Gregory A. Otterson, MD, discusses targetable biomarkers in non–small cell lung cancer.
Gregory A. Otterson, MD, professor of internal medicine, associate division director for Education, co-director of the Thoracic Oncology Program for the Division of Medical Oncology, and associate director for the Hematology and Medical Oncology Fellowship Program, The Ohio State University Comprehensive Cancer Center—The James, discusses targetable biomarkers in non–small cell lung cancer (NSCLC).
Four actionable biomarkers exist in lung cancer: ALK, ROS1, BRAF, and NTRK; all of them have FDA approved drugs that are very effective. The agents targeting ALK alterations are often discussed, as they have shown the most activity. The first 2 drugs that were approved were crizotinib (Xalkori) and ceritinib (Zykadia) for use in previously untreated patients with metastatic ALK-positive NSCLC; however, they are not used as often as they used to be, since the next generation of drugs have emerged in the treatment landscape.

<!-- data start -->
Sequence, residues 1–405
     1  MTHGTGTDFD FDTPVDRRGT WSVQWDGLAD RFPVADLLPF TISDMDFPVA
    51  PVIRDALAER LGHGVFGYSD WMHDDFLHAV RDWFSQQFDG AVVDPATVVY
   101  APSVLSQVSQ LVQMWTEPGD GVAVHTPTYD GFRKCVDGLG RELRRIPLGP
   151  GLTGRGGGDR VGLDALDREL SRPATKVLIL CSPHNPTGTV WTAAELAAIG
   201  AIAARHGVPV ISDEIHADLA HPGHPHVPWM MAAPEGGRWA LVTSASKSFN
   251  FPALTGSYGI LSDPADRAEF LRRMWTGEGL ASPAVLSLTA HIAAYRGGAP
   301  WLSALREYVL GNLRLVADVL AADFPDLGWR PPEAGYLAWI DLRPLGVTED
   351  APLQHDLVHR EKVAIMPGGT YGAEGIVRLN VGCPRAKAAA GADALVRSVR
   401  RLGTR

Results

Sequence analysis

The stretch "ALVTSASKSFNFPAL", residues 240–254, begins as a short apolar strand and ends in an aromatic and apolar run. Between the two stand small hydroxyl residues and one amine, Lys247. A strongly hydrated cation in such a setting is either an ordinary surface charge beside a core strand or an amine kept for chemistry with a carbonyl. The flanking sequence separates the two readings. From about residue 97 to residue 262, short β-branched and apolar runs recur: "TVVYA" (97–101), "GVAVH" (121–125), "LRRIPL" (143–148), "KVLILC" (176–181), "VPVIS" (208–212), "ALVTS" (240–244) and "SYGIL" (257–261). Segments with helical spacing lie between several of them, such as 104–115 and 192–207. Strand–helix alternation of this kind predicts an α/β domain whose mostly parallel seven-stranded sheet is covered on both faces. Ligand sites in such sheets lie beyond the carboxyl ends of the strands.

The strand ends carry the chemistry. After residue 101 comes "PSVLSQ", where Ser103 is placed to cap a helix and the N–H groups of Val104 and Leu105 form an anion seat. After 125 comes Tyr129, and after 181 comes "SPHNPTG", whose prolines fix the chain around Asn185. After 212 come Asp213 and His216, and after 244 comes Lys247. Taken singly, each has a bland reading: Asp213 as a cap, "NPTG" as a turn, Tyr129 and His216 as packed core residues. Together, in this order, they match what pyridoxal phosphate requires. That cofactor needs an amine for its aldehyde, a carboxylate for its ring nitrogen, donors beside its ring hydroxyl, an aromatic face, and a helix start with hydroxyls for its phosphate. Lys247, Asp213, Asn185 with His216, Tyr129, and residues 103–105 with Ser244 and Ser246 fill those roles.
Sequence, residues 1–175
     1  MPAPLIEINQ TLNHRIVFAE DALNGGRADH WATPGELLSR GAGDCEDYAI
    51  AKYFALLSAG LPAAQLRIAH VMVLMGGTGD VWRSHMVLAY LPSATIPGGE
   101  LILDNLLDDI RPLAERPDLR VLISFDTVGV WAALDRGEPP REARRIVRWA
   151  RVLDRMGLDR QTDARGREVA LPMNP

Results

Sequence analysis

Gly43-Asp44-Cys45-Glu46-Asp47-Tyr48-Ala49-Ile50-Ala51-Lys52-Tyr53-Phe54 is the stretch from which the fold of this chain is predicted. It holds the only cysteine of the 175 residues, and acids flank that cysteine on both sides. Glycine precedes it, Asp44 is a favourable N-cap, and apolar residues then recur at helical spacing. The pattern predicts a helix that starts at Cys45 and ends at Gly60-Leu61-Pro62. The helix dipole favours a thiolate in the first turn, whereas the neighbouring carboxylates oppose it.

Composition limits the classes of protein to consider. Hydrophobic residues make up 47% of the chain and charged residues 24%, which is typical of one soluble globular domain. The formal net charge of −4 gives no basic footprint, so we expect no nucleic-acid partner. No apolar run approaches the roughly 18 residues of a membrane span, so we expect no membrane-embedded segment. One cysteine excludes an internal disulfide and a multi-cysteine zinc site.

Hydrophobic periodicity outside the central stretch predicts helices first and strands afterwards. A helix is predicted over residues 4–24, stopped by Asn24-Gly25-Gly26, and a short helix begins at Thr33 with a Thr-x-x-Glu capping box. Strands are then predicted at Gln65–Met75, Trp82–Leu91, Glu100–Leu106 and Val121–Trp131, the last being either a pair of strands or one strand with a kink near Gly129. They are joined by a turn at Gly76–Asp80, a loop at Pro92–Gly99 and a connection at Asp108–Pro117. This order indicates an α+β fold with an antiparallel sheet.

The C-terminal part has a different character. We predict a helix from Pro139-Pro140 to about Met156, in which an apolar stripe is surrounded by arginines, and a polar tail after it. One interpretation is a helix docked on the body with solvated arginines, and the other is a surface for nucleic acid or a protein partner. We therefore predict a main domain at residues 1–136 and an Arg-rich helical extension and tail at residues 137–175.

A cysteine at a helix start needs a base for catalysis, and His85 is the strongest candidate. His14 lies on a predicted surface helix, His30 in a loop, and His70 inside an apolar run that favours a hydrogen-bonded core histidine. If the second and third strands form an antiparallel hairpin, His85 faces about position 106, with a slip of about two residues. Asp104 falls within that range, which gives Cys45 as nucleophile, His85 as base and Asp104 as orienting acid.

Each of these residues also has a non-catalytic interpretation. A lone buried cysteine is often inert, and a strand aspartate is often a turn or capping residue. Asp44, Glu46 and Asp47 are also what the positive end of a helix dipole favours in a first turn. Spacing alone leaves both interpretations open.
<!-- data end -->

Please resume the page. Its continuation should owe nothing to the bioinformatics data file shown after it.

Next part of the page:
Alectinib (Alecensa), brigatinib (Alunbrig), and lorlatinib (Lorbrena) received subsequent approval for use in this patient population, says Otterson, and these agents appear to have much greater activity and tolerability. When alectinib and brigatinib were compared with crizotinib in the first-line setting, they both showed much better progression-free survival as well as improved central nervous system penetration and control. Additionally, a study comparing lorlatinib with crizotinib has completed accrual. The real question that all investigators hope to answer is how the newer agents compare with one another; however to date, the answer is unknown, concludes Otterman.